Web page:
Skip to content

Pain Management Health Center

Font Size

Taking Medicines as Prescribed - Overcoming Barriers to Taking Your Medicines


"I forget when and how to take all of these medicines."

"Sometimes I just forget to take my medicines."

What you can do

  • Ask your doctor which medicines you are taking and why you are taking them, and then make a list. If you understand what you are taking and how it is helping you, it may be easier to stay on schedule. Complete a master list of medicines(What is a PDF document?), and keep it up to date. At every visit with your doctor, review your master list of medicines.
  • Plan a daily schedule of medicines. Be sure you understand how much of each medicine to take and when to take each one. Put your schedule somewhere where you will always see it and where it’s easy to find. Take it along when you travel. Write down your daily medicine schedule in a form that has spaces for time entries(What is a PDF document?).
  • Use a pillbox. Get a pillbox that holds a week's worth of pills. This may be especially helpful if you are taking pills every other day.
  • Remind yourself. Post notes near clocks or on the bathroom mirror to remind you to take your medicines. Use a wristwatch with an alarm, and set it when you need to take your medicine. Take the medicine when you do a daily task, such as brushing your teeth or making your coffee.
  • Ask your doctor whether you can take a longer-acting medicine instead of a shorter-acting one. This means you'll be able to take fewer pills. This may make it easier for you to remember to take your medicines.
  • If you use several inhaler medicines, put a label on each one so that you know which one to use at the right time.
  • Talk with your doctor about what you should do if you miss a dose of a medicine. Discuss what to do for each medicine—it may be different for each one.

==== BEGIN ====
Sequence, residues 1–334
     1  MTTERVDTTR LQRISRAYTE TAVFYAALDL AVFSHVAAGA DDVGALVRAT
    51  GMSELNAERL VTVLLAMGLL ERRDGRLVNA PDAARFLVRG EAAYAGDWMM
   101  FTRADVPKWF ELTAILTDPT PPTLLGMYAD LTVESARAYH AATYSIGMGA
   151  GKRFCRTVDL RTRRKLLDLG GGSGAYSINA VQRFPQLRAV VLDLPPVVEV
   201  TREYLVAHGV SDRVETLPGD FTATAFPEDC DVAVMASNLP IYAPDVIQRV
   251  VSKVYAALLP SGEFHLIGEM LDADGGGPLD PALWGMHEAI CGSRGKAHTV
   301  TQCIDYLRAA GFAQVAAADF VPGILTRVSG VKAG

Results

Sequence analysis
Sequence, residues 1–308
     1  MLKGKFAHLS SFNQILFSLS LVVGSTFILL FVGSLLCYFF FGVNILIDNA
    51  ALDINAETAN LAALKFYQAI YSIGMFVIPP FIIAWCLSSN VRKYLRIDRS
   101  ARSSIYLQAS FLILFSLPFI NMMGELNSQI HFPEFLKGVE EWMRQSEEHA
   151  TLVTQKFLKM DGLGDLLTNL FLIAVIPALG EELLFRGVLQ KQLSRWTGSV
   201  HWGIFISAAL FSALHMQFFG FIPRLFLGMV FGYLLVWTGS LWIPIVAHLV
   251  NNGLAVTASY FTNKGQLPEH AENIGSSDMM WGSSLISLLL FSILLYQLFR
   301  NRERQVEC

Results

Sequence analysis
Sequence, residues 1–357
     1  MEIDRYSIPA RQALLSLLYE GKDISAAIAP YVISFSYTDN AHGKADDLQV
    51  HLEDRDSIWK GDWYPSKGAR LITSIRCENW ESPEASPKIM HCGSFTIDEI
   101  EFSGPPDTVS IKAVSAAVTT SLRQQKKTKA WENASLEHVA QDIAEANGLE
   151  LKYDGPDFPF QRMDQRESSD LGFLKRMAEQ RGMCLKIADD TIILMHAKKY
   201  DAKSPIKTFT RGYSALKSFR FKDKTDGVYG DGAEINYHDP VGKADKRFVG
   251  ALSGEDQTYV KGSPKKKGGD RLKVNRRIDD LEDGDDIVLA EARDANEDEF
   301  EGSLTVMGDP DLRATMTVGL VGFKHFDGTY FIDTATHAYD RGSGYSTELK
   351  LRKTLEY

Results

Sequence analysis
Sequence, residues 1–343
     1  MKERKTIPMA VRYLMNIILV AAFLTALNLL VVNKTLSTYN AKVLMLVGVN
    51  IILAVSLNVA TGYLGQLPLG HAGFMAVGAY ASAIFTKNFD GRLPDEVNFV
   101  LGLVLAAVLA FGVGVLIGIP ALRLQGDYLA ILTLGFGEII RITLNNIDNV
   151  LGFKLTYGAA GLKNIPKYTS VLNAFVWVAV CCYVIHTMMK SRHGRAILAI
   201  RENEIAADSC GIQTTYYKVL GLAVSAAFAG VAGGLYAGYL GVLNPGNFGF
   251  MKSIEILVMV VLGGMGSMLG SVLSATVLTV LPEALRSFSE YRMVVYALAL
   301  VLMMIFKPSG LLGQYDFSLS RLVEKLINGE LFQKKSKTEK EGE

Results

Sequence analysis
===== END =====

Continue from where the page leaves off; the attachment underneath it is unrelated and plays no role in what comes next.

For more information, see the topic Keeping Track of Medicines.


"I keep getting interrupted before I can take my medicine."

"My schedule keeps changing, so it's hard to remember to take my medicine."

What you can do

  • Ask the person interrupting you to wait while you take your medicine.
  • Keep your medicine in your hand. You will be more likely to take it later.
  • Will the schedule change affect your medicine schedule? Be sure to make time to take your medicine.
  • Place a reminder someplace where you will see it, such as in your car or on a house key.


"I run out of my medicine."

What you can do

  • Talk with your doctor or pharmacist about how long your medicine will last. Then mark on a calendar when you need to get a refill of your medicine.
  • Ask your doctor to prescribe a large supply of medicine with many refills. For example, if you're taking a medicine long-term, ask for a 3-month supply with a year’s worth of refills.
  • Ask your pharmacist if there are ways the pharmacy can remind you to refill your medicines so you don't run out.

WebMD Medical Reference from Healthwise

Last Updated: November 12, 2012
This information is not intended to replace the advice of a doctor. Healthwise disclaims any liability for the decisions you make based on this information.
Next Article:

Today on WebMD

pain in brain and nerves
Top causes and how to find relief.
knee exercise
8 exercises for less knee pain.
acupuncture needles in woman's back
How it helps arthritis, migraines, and dental pain.
chronic pain
Get personalized tips to reduce discomfort.
illustration of nerves in hand
lumbar spine
Woman opening window
Man holding handful of pills
Woman shopping for vegetables
Sore feet with high heel shoes
acupuncture needles in woman's back
man with a migraine